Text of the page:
Sheryl Sandberg suggests that women switch our gaze from external “glass ceilings” to internal “sticky floors.” What can be accomplished when the ascent up the ladder is with full confidence that the top is where we belong? I was recently preparing my remarks as the keynote for a professional women’s mentoring program and an analogy struck me that made me laugh out loud. “Don’t ask for permission or knock politely at the men’s room door. Go on in.” Oh my! Years of a behavior that has been a source of embarrassment to my friends and that mortifies my kids is an exact analogy for my professional outlook. When there is a line for the women’s room and appropriate privacy in the men’s room I do not discriminate. I enter the men’s room. Why be restricted and slowed down by social convention?
Coaching is leaving the stigma of “remedial.” Elite athletes engage a coach, so do the finest business leaders. View powerful stats in Stanford University/The Miles Group survey based on a survey of More than 200 CEOs, board directors, and senior executives of North American public and private companies.
Often coaching involves leading a client to act on something that they already know. In principle executives know that mentoring their team is a good thing. One of the most far reaching attributes of “leadership” is the ability to develop leaders. This is supported by stats from a Stanford University/The Miles Group survey released this month, which asked 200 CEOs, board directors, and other senior executives questions about how they receive and view leadership advice. The top two areas board directors say their CEOs need to work on are “mentoring skills/developing internal talent” and “sharing leadership/delegation skills.”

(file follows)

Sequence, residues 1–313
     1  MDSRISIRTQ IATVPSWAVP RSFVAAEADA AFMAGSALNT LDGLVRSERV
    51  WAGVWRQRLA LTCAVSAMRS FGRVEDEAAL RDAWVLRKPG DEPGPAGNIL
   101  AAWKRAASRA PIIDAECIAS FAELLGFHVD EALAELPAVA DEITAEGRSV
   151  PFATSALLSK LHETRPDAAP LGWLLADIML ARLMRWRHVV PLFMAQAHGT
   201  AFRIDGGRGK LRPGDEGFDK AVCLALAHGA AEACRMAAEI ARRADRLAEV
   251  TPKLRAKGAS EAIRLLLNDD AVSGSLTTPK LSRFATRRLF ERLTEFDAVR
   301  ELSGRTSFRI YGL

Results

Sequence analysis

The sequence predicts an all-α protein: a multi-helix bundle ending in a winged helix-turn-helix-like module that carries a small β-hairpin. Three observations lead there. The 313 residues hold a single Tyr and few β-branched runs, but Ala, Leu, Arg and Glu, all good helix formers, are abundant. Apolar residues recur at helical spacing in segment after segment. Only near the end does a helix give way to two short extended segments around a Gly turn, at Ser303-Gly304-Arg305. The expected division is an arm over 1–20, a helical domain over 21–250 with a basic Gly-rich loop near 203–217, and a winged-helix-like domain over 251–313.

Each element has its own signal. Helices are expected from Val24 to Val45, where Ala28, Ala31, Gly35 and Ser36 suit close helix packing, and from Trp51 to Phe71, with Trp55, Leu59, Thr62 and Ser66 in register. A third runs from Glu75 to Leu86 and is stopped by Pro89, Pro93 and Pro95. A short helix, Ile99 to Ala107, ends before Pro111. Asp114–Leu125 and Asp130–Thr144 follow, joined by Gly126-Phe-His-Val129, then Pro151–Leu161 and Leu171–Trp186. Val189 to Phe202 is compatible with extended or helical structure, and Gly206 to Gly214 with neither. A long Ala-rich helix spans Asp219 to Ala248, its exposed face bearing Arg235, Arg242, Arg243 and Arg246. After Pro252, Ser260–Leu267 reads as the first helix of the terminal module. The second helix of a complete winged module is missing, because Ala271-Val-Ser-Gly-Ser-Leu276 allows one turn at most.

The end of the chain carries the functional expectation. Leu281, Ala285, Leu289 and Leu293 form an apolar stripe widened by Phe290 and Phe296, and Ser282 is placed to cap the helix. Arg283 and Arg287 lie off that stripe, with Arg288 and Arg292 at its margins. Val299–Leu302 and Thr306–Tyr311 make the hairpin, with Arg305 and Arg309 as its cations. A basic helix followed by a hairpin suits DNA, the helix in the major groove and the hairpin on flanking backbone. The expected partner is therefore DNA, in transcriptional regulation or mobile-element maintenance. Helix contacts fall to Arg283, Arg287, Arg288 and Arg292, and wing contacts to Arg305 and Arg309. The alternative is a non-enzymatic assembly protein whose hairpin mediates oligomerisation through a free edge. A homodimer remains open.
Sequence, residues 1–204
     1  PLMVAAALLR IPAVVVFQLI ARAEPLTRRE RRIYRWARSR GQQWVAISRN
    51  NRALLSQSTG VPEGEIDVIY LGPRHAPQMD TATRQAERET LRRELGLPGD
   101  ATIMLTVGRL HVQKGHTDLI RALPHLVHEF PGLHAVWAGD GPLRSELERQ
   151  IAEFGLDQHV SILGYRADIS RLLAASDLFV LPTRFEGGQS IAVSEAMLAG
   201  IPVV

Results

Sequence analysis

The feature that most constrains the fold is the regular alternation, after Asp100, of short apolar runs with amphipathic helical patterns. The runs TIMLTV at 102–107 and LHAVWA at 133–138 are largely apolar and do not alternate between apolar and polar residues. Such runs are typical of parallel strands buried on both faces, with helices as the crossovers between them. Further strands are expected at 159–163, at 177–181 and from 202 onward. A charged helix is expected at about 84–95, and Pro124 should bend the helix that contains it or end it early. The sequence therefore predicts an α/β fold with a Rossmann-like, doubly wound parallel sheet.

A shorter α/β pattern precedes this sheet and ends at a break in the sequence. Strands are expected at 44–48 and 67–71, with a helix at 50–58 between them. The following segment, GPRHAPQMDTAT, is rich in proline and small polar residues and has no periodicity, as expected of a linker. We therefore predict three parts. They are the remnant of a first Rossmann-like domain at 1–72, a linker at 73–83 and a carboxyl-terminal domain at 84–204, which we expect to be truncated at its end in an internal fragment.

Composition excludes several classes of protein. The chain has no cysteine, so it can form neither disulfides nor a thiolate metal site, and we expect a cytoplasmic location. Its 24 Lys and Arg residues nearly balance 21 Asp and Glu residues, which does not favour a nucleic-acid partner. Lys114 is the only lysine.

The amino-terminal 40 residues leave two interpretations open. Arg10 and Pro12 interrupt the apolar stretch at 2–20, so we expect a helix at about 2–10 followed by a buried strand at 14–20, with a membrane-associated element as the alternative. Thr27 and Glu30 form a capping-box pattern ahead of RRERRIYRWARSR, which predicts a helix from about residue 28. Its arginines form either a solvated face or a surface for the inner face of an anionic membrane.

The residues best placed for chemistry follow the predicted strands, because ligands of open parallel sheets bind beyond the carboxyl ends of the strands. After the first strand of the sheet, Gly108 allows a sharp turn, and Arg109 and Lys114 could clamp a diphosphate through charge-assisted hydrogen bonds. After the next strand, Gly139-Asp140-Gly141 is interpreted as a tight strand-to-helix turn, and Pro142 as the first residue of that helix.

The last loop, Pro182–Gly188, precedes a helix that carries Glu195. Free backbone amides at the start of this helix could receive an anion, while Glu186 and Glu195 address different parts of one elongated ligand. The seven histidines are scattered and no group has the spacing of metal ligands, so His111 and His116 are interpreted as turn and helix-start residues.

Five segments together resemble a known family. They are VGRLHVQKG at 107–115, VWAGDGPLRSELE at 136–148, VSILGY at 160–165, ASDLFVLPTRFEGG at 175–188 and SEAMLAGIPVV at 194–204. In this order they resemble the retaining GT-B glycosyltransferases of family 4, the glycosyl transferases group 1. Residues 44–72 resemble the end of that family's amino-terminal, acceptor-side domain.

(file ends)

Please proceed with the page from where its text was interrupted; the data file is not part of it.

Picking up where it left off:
A session with your executive coach can be the right place to vent a workplace frustration. The relationship is confidential and there is no risk of compounding or magnifying an issue by sharing it with the wrong party. As a coach I welcome honesty and candor but am very careful to quickly turn a conversation from whining to analysis which leads to action. These are the questions I ask:
1. Is it possible for you to change the situation, the problem?
2. If yes, this leads to a discussion and an action plan.
3. If no, the next question: Is it possible for you to adapt to this thing that you cannot change?
4. If yes, that leads to a discussion and an action plan.
5. If no, then it leads to a discussion and a different action plan that involves moving themselves to a new environment.
A client acknowledged that it was time to take the same advice that he had recently given someone in his organization: “DON’T WHINE ABOUT WHAT YOU WANT, GATHER DATA AND USE IT TO SUPPORT DECISIONS AND DIRECTION YOU ADVOCATE.”
WHAT WILL YOU CLEAR AND WHAT WILL YOU PLANT? We choose our paths and we leave a trail. Coaching encourages being intentional about choices that determine direction. The alternative can look like putting one foot in front of the other day after day without considering a turn to left or right, never climbing a tree for a better view, never going off-road with an axe to clear a new way, never noticing an open field that invites running or dancing or resting. A dear friend recently shared the news that her headstrong idealist daughter was leaving the nest a year earlier than planned to spend her high school senior year abroad on an exchange program that she had independently arranged. I mused….what would this amazing young woman clear and what would she plant in the life path she follows? My friend loved the analogy that I penned so sincerely – and it inspires me to ask my followers the same.